And the final thing–I had 4 kids in 5 years, so there were diapers in my life for a very long time. I NEVER used disposable on any of my kids. I had a diaper service for the first couple of years, but when there were multiple kids in them, I had to start washing them myself. Even if we camped at places with no flush toilets, I’d put their diapers into a big trash bag, and the minute we entered a town, I’d flush the solids out in toilets that were so yucky I wouldn’t sit on them–but then I’d find a laundromat and do a couple loads of diapers with lots of bleach. I told my kid that even though I love them so much I’d bleed out for any of them, NOTHING they ever made in a diaper was worth preserving for 500 years in a landfill! Only 1 of my sons has 2 little ones, and to my eternal dismay, he and his wife chose disposables–but then they have them in daycare, which I never used. They also have a “Genie” which all but hermetically seals the used disposable diapers, so I fear their “output” is going to last more than 500 years! Where did I go wrong? LOL.

    And I LOVE the Guardian. When I was able to work full-time as a sub in high schools, I supported them with a monthly payment. I had to stop that when the high schools closed down and went to on-line only. Their news is so much less biased than a lot of what’s produced here in the USA.

    Liked by 1 person

    • Dr Bob Rich says:

      Thank you Fiona. We used cotton ones with our kids. Never had any health problems, and in those days the washing machines were twin tub, not today’s automatic ones.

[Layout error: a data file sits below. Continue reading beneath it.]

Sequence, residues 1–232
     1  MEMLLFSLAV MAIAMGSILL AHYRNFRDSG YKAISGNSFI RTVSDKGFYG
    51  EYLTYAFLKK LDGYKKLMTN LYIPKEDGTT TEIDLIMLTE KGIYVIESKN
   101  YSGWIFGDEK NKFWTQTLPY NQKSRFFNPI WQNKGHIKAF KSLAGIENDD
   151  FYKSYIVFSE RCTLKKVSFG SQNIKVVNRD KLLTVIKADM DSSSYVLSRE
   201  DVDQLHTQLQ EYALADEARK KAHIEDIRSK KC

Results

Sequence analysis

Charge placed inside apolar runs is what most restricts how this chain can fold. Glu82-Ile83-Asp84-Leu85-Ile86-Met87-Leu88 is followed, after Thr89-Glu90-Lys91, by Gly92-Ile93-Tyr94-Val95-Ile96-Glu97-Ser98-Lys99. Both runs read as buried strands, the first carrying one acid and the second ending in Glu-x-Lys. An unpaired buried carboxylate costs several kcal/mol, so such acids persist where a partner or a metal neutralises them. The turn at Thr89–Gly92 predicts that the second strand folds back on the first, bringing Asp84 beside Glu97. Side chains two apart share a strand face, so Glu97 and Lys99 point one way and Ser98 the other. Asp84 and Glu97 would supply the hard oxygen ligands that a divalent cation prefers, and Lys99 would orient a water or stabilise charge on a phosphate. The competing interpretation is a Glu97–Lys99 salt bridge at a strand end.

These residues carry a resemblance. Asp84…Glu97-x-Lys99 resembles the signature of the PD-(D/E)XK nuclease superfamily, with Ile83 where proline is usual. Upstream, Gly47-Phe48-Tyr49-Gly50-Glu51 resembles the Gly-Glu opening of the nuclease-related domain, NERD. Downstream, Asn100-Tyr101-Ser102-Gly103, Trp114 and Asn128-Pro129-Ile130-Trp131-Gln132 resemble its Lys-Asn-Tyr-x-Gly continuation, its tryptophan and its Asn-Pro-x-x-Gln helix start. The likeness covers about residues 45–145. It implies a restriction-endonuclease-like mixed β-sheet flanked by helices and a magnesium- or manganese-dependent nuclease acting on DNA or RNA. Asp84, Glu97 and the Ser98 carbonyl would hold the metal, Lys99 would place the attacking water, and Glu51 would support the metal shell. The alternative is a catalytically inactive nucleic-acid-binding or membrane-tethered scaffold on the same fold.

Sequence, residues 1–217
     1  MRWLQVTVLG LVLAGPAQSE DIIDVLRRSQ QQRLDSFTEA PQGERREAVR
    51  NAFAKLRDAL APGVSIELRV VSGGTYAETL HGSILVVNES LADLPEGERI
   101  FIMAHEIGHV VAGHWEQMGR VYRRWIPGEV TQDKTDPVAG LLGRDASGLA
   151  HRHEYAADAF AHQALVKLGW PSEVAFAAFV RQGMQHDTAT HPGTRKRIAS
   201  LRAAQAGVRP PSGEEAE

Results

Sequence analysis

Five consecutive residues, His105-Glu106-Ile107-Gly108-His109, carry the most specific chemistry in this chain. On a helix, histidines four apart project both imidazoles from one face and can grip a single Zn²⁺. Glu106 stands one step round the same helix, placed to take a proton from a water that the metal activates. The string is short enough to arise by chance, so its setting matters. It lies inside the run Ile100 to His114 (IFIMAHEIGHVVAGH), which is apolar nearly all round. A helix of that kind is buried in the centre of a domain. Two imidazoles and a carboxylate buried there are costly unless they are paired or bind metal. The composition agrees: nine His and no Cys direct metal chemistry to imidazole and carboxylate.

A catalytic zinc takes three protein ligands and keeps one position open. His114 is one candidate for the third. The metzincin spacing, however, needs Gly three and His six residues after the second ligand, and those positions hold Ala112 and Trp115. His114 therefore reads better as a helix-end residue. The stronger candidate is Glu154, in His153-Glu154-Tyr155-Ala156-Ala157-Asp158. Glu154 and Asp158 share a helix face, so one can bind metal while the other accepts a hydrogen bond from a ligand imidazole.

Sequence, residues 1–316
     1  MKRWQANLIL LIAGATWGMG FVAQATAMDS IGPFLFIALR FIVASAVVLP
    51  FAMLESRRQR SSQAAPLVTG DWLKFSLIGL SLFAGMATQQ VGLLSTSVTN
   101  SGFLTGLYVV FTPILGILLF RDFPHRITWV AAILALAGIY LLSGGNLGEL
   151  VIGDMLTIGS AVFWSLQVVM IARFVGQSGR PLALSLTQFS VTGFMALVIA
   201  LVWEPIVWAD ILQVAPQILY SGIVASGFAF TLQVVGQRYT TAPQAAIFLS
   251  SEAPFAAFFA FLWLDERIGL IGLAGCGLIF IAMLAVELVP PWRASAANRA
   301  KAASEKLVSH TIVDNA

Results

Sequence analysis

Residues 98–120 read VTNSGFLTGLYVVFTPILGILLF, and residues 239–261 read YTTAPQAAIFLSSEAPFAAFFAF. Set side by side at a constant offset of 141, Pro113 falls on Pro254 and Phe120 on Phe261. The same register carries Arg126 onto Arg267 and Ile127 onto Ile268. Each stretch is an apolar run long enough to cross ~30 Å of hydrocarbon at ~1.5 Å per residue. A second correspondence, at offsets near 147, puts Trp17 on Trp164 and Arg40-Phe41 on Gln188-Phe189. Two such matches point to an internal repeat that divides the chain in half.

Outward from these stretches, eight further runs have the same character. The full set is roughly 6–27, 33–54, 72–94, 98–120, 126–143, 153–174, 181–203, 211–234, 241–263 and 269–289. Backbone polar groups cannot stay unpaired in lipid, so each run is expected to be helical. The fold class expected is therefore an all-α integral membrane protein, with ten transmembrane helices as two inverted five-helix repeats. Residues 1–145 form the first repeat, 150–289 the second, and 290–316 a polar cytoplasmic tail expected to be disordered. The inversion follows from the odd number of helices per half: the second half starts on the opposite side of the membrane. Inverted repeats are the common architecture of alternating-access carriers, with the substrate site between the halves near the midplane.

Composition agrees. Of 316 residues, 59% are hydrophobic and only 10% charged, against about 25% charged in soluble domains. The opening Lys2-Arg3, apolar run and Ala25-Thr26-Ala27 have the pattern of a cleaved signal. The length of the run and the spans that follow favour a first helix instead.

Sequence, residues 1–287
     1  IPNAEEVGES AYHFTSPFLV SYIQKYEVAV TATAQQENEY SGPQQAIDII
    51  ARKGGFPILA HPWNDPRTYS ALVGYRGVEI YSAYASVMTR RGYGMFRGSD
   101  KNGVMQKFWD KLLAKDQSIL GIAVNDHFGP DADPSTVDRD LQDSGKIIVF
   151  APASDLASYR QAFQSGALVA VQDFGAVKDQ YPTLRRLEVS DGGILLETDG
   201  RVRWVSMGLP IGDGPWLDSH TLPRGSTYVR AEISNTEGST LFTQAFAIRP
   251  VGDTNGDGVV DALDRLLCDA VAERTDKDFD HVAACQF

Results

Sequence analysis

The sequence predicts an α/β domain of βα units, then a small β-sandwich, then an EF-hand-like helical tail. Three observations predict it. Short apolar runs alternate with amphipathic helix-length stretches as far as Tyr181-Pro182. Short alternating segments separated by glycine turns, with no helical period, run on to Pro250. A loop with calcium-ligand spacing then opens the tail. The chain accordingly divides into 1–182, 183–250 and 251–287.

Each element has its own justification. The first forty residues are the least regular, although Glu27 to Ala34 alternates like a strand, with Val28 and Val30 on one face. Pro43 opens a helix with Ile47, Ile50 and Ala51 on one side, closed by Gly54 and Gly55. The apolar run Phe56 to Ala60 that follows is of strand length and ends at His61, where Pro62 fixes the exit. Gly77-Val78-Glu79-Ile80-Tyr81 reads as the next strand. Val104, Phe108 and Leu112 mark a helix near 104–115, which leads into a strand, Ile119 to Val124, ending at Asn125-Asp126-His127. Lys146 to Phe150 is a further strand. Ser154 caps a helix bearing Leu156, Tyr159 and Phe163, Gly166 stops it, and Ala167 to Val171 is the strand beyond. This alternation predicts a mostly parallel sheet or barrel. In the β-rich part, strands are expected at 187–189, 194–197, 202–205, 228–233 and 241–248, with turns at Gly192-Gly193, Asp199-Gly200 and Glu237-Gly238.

I go to great lengths to avoid buying plastic, but it is very difficult.


      • fionamcgier says:

        Hey Bob, I just read a letters to the editor comment from a rep of the oil-producing industry, who said that we will need to keep mining fossil fuels forever, because of all of the stuff we make with plastics, that can’t be made with anything else. Specious argument indeed.

        1-If we stopped using fossil fuels for fuel, and instead used renewable sources, then we wouldn’t need anywhere near the amount of fossil fuels we use, so we’d be able to keep pristine areas like Alaska and the BWCA in northern MN pristine.

        2–We don’t need to keep subsidizing a billion/trillion dollar industry. Instead lets toss some seed money at innovators, who I’m sure could come up with alternatives. Hemp is pretty durable–can it be made into containers? What’s the next big thing? We’re smart creatures–I’m SURE we can come up with alternatives to plastic if there’s enough money in it.

        3–Collapsible containers would take some getting used to, but we’d all adapt easily if that was all that was available. And what about going back to refillables? When I was a kid, my dad would buy beer in 24/pack cases of returnable bottles. Why don’t we do that now? And not just with beer? With pop? With detergents? With pharmaceuticals? We toss away so much plastic–why not keep reusing containers that will never disintegrate?

        Sheesh! Some folks are so mentally lazy–or they have a vested interest in keeping plastic the only viable alternative.

        Liked by 1 person